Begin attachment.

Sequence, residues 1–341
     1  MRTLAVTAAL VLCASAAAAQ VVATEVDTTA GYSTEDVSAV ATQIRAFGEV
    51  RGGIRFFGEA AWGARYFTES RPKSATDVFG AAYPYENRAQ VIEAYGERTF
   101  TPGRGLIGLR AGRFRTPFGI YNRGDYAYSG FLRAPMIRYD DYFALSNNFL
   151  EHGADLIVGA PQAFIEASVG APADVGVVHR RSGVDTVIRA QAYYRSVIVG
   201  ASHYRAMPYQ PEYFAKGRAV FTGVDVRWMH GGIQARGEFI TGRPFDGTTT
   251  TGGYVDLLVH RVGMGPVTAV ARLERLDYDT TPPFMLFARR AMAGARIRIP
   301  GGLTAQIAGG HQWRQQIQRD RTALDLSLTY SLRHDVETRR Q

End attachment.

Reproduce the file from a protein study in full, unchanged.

Sequence, residues 1–341
     1  MRTLAVTAAL VLCASAAAAQ VVATEVDTTA GYSTEDVSAV ATQIRAFGEV
    51  RGGIRFFGEA AWGARYFTES RPKSATDVFG AAYPYENRAQ VIEAYGERTF
   101  TPGRGLIGLR AGRFRTPFGI YNRGDYAYSG FLRAPMIRYD DYFALSNNFL
   151  EHGADLIVGA PQAFIEASVG APADVGVVHR RSGVDTVIRA QAYYRSVIVG
   201  ASHYRAMPYQ PEYFAKGRAV FTGVDVRWMH GGIQARGEFI TGRPFDGTTT
   251  TGGYVDLLVH RVGMGPVTAV ARLERLDYDT TPPFMLFARR AMAGARIRIP
   301  GGLTAQIAGG HQWRQQIQRD RTALDLSLTY SLRHDVETRR Q